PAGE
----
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Approaches to improving the porosity and permeability of Maoming oil shale, South China.

1. Introduction

Oil shale is an organic-rich sedimentary rock containing a significant amount of organic matter called kerogen. It is highly abundant worldwide and is regarded as a potential energy resource alternative to oil and gas [1]. Recent statistics suggest that the total world oil shale resources are equivalent to 411 billion tons of oil [2]. China has the second largest oil shale resource in the world, containing approximately 47.6 billion tons of oil. The oil shale deposits in China have three typical features. First, the mines are relatively shallow, with 64% of oil shale buried at a depth less than 500 m. Second, most of the oil shale layers are rather thin, with an average thickness of 20-30 m. Third, high-quality oil shale with an oil yield over 10% accounts for only 17.6%, while the oil yield of oil shale in almost half of the mines is less than 5% [3, 4]. The Maoming block in South China has similar features as noted above and is used as the target in this study. Uncovering the formation conditions and developing suitable stimulation methods are of high significance for an effective exploitation of oil shale resources.

Oil shale is generally exploited in two ways: surface retorting or in-situ retorting. Surface retorting has been commercially applied in many countries since it has advantages of quick economic returns and relatively low technological requirements. However, this method may cause serious environmental pollution problems, extensive waste of water and is feasible to be used only in shallow oil shale mines. In-situ retorting obviates the problems of handling large quantities of material, as well as offers the potential for recovering deeply deposited oil shale resources. Under the increasing pressure on environmental protection, the in-situ process has become an inevitable trend of the large-scale commercial exploitation of oil shale resources [5, 6].

During the past decades, researchers, mainly from international oil companies, have been doing remarkable work on the in-situ exploitation of oil shale, and have reported several inspiring inventions, such as Shell's In-situ Conversion Process (ICP) technology [7, 8], ExxonMobil's Electrofrac technology [9], Chevron's CRUSH technology [10] and the U.S. Shale Oil company's Conduction, Convection and Reflux (CCR) technology [11]. These technologies employ different heating methods such as electric heating, thermal fluid heating, radiant heating and combustion heating. Among them, the ICP technology is relatively well developed and has been tested by Shell Company in the Green River Formation in western USA. However, long heating period, about 2-4 years, is needed because of slow heating rate, resulting in high power consumption and poor economic performance especially for thin layers. In September 2013, Shell announced its withdrawal from Research, Development & Demonstration (RD&D) projects on Green River oil shale.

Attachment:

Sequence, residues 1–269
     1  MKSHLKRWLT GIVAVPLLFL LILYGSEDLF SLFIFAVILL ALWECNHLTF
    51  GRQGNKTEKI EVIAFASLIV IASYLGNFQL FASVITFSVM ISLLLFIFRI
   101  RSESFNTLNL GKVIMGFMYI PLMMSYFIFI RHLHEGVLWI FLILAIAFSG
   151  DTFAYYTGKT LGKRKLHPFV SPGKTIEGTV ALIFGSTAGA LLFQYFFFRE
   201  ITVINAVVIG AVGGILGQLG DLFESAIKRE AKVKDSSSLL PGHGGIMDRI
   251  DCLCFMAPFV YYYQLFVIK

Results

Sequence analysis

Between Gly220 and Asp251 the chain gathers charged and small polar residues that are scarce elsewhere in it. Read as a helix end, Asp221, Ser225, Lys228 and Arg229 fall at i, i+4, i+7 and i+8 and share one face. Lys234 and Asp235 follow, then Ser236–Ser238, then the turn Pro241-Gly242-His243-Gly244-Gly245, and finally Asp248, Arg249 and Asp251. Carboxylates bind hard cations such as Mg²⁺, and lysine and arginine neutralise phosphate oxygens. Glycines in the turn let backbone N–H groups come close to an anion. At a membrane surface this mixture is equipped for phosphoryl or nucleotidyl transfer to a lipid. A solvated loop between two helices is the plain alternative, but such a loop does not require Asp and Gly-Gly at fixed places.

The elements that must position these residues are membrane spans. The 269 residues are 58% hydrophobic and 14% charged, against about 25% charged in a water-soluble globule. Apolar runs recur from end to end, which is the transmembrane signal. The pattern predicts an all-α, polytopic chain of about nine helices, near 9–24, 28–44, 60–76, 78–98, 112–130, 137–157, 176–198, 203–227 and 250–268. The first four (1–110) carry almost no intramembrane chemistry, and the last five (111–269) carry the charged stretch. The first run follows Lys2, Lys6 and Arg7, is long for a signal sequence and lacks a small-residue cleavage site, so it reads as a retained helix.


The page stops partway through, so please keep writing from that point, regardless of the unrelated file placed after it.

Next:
Thermal fluid heating technology has been arousing more and more interest because of its fast heating speed and capability to take full advantage of carbonization gas. However, usually thermal fluid cannot be directly injected into the formation due to the extremely low permeability of oil shale. In order to improve the permeability, reservoir stimulation is necessary. Maoming oil shale resources have three common features. First, the main components of oil shale are clay minerals. The total content of kaolinite, hydromica and montmorillonite ranges from 50 to 70%. At the same time, the total content of brittle minerals varies from 30 to 40% [12], which is lower than the 60% required for forming a network of fractures by hydraulic fracturing. Second, the main seam is very shallow, mostly at a depth less than 300 m. Thus the horizontal stress is usually higher than the vertical stress. Lastly, horizontal beddings are well developed. As a result, the effect of stimulation using hydraulic fracturing is usually unsatisfactory because only horizontal fractures can be formed easily. Developments of other effective means for increasing the permeability of oil shale are needed.

In this study, the pulse power fracturing technology (PPFT) is designed and applied to the Maoming oil shale block in South China, and its effect is assessed. The treatment agent post-processing technology (TAPT) is designed and tested using oil shale samples from the Maoming block. The results will be presented and interpreted in the following sections.

2. Theory and experiments

2.1. Samples and properties

In this study, oil shale samples from the Maoming block were used. The results of Fischer assay and proximate analysis of Maoming oil shale are given in Tables 1 and 2, respectively.

2.2. Pulse power fracturing technology